Court halts award of 115.7 million shillings to ex-Kenya Railways employees
More than 200 retired employees of the Kenya Railways Corporation (KRC) will wait longer to get a share of the 115.7 million shillings they won last year after the court of appeal suspended their decision. granting the millions.
The Court of Appeal agreed that the amount claimed by the retired employees is huge and that it may be difficult to recover the amount from them, should the company’s appeal be successful.
Former employees, including engine drivers, won the two-decade case last year after the Employment and Labor Relations Tribunal ruled they had not been paid in full at their retirement in 1998.
The amount includes salary arrears, pension, severance pay, gratuity arrears, monthly salary from the date of registration of a collective bargaining agreement (CCT) and vacation pay.
The company, however, argues that the tribunal lacked jurisdiction to rule on the pension issues. Moreover, the KRC claims that the money comes from an unregistered CBA.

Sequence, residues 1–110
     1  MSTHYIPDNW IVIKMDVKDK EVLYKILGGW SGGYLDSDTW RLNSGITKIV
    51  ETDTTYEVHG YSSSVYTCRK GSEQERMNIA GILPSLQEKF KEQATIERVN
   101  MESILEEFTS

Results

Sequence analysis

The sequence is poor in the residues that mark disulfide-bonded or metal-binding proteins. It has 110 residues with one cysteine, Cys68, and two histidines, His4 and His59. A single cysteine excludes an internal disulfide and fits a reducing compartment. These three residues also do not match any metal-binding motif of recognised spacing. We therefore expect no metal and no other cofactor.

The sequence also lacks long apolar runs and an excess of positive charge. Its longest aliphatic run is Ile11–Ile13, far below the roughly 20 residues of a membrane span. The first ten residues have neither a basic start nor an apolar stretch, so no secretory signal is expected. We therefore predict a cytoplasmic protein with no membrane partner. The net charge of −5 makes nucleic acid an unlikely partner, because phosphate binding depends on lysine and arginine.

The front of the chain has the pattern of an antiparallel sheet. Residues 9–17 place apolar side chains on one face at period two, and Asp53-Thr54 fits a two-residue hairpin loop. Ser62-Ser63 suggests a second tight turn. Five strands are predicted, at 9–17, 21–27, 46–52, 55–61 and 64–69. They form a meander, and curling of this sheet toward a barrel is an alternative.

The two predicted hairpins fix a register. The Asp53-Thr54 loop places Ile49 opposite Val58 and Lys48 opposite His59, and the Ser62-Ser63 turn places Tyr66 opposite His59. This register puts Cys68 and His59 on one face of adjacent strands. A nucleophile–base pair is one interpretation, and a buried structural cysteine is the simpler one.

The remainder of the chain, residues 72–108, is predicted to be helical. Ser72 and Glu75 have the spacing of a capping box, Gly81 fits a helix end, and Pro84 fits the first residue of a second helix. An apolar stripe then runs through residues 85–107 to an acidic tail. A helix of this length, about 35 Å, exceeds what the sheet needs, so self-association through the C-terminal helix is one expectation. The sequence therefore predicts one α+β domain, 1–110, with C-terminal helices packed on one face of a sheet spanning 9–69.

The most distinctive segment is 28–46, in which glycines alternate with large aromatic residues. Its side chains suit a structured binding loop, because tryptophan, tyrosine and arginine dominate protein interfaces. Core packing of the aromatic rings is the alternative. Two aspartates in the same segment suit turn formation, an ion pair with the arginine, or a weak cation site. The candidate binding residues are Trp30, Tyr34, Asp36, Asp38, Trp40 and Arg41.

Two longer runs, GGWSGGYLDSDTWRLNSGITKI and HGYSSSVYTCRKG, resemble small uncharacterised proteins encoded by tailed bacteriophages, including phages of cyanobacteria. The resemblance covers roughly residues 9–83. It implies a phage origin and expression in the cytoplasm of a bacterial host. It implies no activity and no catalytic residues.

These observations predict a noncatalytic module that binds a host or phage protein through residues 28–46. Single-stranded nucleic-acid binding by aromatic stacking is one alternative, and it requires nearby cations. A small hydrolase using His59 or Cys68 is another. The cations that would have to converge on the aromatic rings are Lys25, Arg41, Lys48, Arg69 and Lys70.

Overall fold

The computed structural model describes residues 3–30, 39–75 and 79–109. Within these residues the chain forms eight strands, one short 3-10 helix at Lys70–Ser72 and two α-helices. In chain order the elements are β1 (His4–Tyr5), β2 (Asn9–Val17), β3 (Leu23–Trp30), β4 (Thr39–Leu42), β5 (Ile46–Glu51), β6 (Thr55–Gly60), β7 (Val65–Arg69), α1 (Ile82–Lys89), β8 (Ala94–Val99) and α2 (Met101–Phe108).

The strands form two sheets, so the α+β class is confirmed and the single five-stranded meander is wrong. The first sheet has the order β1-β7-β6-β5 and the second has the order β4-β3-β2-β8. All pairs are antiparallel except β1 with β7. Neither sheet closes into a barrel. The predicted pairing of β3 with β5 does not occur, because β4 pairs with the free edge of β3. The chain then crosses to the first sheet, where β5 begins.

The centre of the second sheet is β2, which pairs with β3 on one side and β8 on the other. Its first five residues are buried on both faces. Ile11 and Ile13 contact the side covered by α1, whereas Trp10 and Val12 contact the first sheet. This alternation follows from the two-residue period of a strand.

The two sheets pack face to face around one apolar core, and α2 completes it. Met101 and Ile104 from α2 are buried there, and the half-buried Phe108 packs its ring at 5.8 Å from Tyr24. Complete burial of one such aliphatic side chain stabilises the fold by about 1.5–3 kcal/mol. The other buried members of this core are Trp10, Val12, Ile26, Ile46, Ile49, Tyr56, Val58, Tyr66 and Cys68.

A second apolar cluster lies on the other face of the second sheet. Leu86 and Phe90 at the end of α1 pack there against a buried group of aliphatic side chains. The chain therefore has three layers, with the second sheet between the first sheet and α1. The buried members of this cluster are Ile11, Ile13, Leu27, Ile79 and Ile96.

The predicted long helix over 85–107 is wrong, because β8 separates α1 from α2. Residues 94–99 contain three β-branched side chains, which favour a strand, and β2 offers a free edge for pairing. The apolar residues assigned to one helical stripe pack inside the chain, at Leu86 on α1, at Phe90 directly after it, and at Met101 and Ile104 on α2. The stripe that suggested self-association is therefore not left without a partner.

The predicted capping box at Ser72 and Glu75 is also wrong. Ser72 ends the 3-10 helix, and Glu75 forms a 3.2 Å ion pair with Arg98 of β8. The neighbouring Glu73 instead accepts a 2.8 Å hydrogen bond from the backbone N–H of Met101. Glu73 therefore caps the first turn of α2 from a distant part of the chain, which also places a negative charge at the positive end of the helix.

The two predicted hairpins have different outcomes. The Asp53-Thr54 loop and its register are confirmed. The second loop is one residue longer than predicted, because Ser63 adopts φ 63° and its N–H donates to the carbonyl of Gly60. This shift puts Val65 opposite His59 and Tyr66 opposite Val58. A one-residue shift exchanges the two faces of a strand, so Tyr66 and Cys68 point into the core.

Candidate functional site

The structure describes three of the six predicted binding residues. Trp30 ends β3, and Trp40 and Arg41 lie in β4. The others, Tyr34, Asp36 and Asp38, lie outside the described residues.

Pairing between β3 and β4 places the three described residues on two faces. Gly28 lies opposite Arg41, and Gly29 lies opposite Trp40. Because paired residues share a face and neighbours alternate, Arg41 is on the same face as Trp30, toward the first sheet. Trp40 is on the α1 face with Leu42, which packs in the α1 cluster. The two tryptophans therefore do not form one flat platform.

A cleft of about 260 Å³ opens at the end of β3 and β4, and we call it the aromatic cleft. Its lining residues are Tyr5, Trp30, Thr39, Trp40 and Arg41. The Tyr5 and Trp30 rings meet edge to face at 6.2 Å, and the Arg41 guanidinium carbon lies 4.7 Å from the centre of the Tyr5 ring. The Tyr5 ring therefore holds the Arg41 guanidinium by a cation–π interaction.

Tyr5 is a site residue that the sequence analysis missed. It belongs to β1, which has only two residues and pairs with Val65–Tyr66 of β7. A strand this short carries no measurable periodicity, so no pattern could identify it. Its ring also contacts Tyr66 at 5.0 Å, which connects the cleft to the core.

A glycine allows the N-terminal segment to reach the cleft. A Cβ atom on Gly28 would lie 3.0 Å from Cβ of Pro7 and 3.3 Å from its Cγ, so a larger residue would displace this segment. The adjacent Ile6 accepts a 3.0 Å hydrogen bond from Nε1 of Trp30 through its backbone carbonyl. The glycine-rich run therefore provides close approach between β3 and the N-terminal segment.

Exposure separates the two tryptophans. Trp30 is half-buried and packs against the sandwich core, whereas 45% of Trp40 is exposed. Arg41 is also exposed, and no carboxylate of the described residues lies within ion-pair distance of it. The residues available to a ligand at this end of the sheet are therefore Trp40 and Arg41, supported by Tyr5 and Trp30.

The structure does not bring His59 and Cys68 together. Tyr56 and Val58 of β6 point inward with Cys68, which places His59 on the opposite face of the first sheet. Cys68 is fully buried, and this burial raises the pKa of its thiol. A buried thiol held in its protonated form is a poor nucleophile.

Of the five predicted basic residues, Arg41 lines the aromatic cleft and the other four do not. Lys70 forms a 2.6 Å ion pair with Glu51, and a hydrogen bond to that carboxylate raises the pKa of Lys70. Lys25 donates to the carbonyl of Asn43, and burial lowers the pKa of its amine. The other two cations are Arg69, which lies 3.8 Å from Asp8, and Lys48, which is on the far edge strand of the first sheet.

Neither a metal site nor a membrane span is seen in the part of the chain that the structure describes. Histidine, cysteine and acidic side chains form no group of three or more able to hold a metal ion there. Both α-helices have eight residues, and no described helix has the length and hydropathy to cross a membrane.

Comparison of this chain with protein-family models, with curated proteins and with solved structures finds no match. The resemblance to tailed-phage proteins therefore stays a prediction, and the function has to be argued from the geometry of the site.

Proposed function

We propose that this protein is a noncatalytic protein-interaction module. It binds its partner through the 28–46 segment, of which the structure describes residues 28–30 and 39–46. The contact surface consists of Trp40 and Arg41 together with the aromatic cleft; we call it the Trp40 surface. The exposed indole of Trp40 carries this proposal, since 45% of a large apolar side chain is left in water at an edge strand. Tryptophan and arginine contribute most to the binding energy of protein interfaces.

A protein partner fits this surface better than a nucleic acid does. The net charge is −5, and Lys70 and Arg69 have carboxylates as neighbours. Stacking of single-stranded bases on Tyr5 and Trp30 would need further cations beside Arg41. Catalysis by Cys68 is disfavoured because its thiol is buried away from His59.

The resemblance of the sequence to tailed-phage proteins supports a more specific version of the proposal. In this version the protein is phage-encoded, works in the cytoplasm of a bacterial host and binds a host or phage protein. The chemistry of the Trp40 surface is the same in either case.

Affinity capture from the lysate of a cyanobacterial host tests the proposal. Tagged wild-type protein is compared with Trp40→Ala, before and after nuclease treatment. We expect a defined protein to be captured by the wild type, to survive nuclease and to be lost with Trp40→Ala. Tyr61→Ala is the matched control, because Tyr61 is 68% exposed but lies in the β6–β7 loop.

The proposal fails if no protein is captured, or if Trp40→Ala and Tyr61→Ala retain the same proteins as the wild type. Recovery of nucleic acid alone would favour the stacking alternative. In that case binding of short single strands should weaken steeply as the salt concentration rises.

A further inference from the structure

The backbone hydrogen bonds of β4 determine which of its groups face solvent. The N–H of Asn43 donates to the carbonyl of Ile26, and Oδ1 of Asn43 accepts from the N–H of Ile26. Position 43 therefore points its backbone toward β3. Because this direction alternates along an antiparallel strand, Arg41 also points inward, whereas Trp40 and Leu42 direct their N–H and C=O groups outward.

“The sum at stake is a large sum of money and we find in the circumstances that the plaintiff might not recover the same if the appeal is successful,” said judges Kathurima M’Inoti, Fatuma Sichale and Sankale ole Kantai. .
The KRC, through lawyer Chacha Odera, said the company may not recover the money from its retired staff scattered across the country with no known source of income and some deceased. The lawyer said the money had not been budgeted.
Judge Maureen Onyango also ruled last year that the 217 former employees, who are still in Nairobi, should keep their homes until they are paid in full.
The judge said the liability of the former employer remains because the evidence on file is that Kenya Railways undertook to pay the rent of the house for them until they received their full allowances end of contract.
The court ordered in January last year that KR tally up his salary, based on his last salary and file a report in court within 30 days, for final judgment on what is owed to him.
She said the amount should be calculated on their salary based on the 70% and 45% increase, respectively for junior and senior staff, as stated in the agreement signed in 1997.
Former employees led by George Ochieng Ododa had sued KR and Kenya Railways Staff Retirement Benefits Scheme to demand their retirement and terminal dues based on a collective bargaining agreement signed in 1997.